With little fanfare, Saturday’s hourlong season finale of Cops actually marked the venerable docu-reality series’ last original airing on Fox.
Twenty-five years on the air. Over 850 episodes. It was cheap to make and still brought in three million viewers, so someone in the boardroom must have realized that the show will never answer the question of what bad boys are going to do when the Sheriff John Brown comes for them. Besides run away, that is, then apologize profusely when tackled and tased, explaining they were Scared, and had Warrants.
Yes, it does tend to repeat itself. No, there really hasn’t been anything to top the naked guy in the barbershop hosing everyone with a fire extinguishers. But it’s still like nothing else. Sigh.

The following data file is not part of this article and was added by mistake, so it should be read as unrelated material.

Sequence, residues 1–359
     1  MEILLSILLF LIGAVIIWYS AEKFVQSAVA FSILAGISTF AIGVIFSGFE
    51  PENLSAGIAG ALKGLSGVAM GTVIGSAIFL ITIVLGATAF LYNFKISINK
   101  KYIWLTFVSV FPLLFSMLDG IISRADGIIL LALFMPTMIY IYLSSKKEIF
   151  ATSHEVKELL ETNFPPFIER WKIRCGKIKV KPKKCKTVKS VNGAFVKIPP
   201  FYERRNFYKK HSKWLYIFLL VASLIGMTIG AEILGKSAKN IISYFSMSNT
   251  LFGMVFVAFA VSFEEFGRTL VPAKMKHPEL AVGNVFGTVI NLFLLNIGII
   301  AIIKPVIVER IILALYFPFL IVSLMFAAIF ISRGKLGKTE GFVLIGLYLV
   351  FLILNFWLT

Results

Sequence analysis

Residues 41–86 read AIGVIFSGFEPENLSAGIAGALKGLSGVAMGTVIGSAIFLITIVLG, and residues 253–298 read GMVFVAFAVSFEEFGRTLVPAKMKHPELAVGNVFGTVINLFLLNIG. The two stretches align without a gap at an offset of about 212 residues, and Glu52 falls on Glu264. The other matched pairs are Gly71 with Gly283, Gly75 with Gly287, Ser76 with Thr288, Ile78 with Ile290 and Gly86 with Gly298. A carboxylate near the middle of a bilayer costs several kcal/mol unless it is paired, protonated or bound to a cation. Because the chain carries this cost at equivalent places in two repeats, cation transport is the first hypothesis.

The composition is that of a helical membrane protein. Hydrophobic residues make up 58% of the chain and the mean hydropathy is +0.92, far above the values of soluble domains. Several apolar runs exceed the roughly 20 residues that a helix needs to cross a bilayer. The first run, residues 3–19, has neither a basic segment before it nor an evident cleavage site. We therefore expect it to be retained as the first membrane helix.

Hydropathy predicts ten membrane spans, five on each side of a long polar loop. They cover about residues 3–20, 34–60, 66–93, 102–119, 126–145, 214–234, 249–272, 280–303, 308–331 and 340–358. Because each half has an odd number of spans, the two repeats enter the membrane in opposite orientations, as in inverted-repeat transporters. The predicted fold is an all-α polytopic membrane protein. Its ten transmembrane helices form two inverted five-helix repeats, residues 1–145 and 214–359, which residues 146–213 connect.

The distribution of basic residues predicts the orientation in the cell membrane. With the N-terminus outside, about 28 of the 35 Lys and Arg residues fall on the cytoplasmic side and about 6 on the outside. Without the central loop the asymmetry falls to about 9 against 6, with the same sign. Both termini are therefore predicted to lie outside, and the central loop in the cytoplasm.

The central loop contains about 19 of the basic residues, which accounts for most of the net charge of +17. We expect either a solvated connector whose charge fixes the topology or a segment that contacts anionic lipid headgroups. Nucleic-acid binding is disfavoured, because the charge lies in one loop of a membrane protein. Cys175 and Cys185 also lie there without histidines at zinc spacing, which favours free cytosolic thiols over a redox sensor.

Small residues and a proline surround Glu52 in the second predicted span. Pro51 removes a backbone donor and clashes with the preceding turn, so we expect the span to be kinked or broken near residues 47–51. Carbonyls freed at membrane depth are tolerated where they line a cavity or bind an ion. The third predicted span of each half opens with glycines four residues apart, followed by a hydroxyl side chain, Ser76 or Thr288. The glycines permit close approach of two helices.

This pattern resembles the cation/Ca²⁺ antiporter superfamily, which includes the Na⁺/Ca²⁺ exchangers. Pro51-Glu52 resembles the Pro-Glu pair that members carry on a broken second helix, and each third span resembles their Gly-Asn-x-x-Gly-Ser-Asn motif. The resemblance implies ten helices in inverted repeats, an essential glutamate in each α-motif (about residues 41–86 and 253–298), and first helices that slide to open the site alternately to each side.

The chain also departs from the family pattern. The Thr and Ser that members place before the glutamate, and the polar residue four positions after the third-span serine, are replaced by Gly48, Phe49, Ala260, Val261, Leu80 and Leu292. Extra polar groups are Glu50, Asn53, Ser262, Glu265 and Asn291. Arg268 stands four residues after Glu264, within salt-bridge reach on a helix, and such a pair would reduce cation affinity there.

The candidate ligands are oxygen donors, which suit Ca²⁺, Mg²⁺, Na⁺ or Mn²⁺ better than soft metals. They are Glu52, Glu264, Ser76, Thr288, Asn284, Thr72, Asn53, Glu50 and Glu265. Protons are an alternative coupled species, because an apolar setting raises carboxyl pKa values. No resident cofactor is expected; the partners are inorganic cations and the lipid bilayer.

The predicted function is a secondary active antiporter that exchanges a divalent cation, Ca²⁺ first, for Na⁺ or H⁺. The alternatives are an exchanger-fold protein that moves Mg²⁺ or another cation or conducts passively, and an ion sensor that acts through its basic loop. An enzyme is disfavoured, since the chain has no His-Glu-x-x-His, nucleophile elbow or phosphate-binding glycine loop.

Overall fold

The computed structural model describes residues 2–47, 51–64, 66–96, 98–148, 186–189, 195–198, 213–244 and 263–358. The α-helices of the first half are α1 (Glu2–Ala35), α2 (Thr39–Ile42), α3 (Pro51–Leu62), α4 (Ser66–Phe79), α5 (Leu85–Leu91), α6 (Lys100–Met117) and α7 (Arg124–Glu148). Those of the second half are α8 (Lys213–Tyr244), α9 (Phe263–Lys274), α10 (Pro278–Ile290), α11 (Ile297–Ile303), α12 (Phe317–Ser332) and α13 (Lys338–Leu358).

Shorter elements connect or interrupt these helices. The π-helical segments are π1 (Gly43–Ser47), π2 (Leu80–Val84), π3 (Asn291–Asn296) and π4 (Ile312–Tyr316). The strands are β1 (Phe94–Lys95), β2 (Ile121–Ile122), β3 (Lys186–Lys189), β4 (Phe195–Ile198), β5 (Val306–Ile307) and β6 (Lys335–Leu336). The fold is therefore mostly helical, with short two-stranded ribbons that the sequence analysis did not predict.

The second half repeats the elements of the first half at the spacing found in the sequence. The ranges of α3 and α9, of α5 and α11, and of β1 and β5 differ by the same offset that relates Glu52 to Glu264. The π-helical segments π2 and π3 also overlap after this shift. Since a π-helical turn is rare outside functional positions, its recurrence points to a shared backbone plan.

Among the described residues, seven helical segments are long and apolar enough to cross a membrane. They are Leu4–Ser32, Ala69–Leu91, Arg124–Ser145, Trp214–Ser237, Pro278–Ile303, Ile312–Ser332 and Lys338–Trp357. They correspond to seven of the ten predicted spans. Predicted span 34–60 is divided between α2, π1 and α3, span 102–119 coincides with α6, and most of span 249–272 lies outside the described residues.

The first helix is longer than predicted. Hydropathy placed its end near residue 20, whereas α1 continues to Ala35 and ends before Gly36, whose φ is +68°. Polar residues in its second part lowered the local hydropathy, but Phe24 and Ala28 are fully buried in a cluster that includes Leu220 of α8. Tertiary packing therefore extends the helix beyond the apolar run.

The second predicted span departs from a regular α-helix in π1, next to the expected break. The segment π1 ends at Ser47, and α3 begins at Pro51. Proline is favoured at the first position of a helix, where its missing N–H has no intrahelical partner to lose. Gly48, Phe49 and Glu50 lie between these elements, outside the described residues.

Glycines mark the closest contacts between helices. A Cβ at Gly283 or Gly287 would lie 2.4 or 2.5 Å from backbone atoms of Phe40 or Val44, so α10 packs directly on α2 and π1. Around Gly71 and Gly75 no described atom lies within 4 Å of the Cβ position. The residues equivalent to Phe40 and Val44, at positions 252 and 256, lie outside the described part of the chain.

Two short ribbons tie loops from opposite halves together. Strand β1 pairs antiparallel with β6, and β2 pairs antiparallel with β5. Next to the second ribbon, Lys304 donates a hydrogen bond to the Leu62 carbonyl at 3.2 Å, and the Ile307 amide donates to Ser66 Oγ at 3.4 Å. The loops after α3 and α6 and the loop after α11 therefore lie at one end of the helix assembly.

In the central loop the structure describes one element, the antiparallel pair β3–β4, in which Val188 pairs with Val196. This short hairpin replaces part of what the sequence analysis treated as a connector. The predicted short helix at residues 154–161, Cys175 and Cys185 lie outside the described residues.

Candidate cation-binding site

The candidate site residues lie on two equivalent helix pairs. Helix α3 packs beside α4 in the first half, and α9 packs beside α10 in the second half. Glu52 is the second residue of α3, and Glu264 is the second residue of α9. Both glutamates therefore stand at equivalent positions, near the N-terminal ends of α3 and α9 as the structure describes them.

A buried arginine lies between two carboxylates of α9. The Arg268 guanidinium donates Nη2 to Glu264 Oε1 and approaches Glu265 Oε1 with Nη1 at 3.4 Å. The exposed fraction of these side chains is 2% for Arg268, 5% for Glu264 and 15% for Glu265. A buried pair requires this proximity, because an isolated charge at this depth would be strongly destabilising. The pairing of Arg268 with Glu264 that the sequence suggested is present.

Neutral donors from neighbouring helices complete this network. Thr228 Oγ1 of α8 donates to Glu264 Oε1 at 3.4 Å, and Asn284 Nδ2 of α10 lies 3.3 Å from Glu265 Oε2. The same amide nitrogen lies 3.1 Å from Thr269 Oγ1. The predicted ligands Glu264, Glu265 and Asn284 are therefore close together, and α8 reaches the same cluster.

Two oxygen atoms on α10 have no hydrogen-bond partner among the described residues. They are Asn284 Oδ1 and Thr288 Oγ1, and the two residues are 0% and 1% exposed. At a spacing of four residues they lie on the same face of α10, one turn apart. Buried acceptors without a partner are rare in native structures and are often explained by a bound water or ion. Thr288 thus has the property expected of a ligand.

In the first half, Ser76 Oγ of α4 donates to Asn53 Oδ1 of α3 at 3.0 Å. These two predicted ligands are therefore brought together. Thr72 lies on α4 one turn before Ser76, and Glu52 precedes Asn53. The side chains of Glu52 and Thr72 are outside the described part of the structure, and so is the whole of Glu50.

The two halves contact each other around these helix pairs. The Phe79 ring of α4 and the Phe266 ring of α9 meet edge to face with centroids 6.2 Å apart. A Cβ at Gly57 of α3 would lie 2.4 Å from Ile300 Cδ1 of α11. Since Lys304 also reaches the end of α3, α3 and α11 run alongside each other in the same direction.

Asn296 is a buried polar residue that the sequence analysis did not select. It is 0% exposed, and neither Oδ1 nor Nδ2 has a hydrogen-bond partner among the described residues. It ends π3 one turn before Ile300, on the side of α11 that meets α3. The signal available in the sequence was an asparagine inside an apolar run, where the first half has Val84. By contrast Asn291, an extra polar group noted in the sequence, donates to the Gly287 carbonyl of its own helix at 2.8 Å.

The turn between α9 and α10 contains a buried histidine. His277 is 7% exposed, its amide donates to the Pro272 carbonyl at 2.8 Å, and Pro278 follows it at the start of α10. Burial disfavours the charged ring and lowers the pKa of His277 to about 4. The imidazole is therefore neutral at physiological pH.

But! When Fox’s lack of interest became obvious . . .
the producer, Langley Prods., started looking for a new home. They’ve found it at Spike TV, where Season 26 of Cops will debut in September, airing in its long-time Saturday 8 PM time slot.
And the guys from “Inner Circle” breathed a sigh of relief. At least one more year of royalty checks.
ART Test of your architectural knowledge: identify this painting’s location.
You say: oh, come on. Marina City. Give me a tough one. All right:
I got that right away, which is why I'm mention it. If I didn't know I would have shut up about it. Tt’s from this collection of building portraits. Answer at the end of the post.
TECH Here’s a piece on the best way to make a great Vine. Number five is pretty good: